Detection and manipulation of spin states of individual magnetic atoms and nanostructures on non-magnetic metal substrates based on SP-STM

Y. Yoshida

Y. YoshidaLow-dimensional quantum magnetism is one of the hottest topics in condensed matter physics, especially after P. W. Anderson hypothesized that the quantum spin-liquid state called "Resonating Valence Bond" of CuO2 planes of High-TC superconductors plays an important role to achieve superconductivity at such high temperatures exceeding the BCS limit. However, the samples have been limited to bulk materials so far and the breakthrough to establish rigid theories did not come yet. Therefore, constructing and investigating various kinds of low-dimensional quantum spin systems in a bottom-up fashion are a long standing goal for condensed matter physicists. In this project we utilize spin-polarized STM, inelastic electron tunneling spectroscopy (IETS), and atom manipulation techniques on single magnetic atoms on metallic substrates covered by ultra thin insulating layers. First of all, we try to construct ideal low-dimensional quantum spin systems from single atomic spins with atom manipulation techniques. Once we reach the point to build these systems successfully, we want to investigate the magnetic states and excitations with spin-polarized STM and IETS to find out and unveil the exotic ground state properties. These experiments have to be performed at low temperatures (T<1 K) and high magnetic fields (B≈10 T).

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Cobalt atoms on ultra-thin NaCl layers on Cu(001)




Detection and manipulation of spin states of individual magnetic dopant atoms in diluted magnetic semiconductors based on SP-STM

A. Khajetoorians

A. KhajetooriansWe are interested in studying atomic-scale magnetism of dilute magnetic semiconductors utilizing ultra-low temperature/high magnetic field STM (300mK/14T).  Spin-polarized STM provides a promising tool to investigate a combination of both electronic and magnetic properties of single magnetic dopants with atomic-scale resolution.  To this end, we want to utilize spin-polarized techniques as well as inelastic tunneling spectroscopy (IETS) with the goal of detecting and manipulating individual quantum spin states of magnetic impurities within semiconductor hosts.  Once we are able to establish a benchmark system in which we can apply these techniques, we want to further explore the interaction between these magnetic impurities as well as how this is mediated by the underlying host material.  Eventually, we are interested in applying these techniques to investigate fabricated magnetic nanostructures as well as other novel semiconductor systems such as quantum hall systems.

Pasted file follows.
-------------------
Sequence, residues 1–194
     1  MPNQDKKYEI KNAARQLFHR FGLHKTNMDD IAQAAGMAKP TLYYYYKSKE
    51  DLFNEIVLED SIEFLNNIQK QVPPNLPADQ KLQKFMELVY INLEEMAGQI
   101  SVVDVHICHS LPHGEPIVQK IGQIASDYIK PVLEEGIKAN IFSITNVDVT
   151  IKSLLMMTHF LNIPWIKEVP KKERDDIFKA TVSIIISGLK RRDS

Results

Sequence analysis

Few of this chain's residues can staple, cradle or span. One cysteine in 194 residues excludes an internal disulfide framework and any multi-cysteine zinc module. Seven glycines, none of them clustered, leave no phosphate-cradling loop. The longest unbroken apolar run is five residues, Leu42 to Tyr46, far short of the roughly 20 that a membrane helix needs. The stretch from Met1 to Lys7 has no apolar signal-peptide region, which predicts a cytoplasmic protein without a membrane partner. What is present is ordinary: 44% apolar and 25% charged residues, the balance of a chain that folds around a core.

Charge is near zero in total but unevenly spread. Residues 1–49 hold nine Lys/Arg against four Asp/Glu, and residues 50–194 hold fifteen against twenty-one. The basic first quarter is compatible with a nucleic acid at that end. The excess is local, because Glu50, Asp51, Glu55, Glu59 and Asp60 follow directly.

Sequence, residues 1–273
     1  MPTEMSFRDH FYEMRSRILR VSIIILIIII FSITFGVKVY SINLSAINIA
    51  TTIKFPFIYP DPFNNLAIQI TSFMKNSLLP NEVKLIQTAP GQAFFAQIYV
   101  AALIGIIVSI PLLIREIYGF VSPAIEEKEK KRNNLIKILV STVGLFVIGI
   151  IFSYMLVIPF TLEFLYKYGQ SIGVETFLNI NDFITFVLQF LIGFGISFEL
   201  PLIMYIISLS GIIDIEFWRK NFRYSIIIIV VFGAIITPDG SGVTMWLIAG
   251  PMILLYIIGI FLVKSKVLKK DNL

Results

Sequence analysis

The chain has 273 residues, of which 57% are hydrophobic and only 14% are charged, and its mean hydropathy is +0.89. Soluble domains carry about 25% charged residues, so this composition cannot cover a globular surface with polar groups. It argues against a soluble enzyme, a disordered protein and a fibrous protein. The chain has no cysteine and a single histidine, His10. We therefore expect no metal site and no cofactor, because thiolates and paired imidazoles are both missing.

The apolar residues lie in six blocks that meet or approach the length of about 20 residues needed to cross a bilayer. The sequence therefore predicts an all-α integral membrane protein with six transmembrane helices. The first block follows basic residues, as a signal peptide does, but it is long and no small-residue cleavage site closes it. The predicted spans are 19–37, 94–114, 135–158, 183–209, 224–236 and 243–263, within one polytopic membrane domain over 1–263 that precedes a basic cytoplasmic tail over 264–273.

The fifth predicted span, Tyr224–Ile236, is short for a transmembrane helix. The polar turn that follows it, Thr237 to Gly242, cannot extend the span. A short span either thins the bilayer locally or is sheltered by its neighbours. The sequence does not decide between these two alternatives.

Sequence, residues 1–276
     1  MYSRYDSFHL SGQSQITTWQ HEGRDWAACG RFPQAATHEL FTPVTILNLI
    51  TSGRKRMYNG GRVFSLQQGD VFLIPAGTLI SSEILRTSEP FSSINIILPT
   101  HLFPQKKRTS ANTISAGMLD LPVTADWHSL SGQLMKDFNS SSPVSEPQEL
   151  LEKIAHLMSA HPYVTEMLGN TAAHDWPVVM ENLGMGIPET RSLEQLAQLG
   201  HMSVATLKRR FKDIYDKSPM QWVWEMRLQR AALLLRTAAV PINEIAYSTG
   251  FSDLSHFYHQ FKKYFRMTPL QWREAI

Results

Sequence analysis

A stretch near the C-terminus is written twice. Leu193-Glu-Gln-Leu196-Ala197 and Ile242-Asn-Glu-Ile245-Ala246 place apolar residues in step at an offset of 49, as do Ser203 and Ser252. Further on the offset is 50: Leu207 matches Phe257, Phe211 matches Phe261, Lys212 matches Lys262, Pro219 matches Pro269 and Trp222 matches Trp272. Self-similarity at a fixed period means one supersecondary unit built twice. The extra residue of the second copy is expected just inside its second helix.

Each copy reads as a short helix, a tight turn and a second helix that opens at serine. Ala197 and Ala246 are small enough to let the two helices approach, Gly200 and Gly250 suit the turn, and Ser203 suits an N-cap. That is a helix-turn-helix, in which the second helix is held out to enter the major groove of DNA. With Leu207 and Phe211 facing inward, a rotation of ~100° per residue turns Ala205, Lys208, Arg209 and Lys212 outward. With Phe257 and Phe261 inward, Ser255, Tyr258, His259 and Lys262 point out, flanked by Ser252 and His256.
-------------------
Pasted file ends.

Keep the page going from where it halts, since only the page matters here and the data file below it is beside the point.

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Magnetic atoms on a compound semiconductor




Detection and manipulation of spin states of individual magnetic atoms on graphene based on SP-STM

M. Wasniowska

M. WasniowskaGraphene has recently attracted a great deal of attention due to its unique properties and the huge promise for applications. Graphene is a monolayer of carbon atoms arranged in a honeycomb lattice and has a novel electronic structure, with its conduction and valence bands meeting at the Dirac point. This characteristic enables the electrical transport to be tuned between hole or electron conduction by shifting the Fermi level with an applied electric field or by doping with atoms; it means that impurity states are important contributors to the unusual properties of graphene. Another important aspect is the influence of the magnetic impurities which are expected to significantly affect the electronic properties of graphene. Our research interest focuses on the study of individual magnetic atoms on graphene, which can show different magnetic properties depending on the concentration and the species of the atoms.
In this project, our aim is to use spin-polarized scanning tunneling spectroscopy/microscopy to explore these issues showing the local electronic and magnetic properties of the adsorbed magnetic adatoms and the graphene substrate.

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Atomic-resolution STM images of graphene: (a) on a SiC(0001) surface, (b) on a Ru(0001) surface and (c) close view of the graphene honeycomb lattice




Detection and manipulation of spin states of individual magnetic molecules based on SP-STM